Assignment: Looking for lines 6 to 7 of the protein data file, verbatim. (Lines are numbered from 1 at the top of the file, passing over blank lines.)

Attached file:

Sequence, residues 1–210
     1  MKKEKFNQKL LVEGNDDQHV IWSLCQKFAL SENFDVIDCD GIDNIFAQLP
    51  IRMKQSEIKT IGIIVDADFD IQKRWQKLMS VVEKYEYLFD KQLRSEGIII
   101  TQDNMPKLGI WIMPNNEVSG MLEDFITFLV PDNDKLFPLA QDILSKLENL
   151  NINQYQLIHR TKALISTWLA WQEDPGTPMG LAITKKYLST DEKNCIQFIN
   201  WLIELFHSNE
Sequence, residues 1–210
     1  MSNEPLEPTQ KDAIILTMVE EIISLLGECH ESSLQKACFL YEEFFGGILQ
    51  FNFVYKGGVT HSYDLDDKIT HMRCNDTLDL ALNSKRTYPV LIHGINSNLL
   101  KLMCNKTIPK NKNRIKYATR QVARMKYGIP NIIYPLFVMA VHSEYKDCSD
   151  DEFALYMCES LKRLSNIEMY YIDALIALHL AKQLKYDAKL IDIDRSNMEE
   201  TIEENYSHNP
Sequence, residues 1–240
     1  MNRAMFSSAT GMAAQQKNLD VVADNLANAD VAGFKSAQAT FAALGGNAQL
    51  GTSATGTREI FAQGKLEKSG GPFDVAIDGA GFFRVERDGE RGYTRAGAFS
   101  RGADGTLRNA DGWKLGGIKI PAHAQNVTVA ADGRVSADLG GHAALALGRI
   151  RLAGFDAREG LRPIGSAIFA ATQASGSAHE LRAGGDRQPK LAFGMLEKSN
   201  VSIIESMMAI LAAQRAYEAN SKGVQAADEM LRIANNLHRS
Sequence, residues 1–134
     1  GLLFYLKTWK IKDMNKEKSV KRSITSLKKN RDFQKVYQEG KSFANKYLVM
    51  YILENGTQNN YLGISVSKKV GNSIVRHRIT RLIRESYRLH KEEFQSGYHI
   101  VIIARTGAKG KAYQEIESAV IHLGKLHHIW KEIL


   201  WLIELFHSNE
Sequence, residues 1–210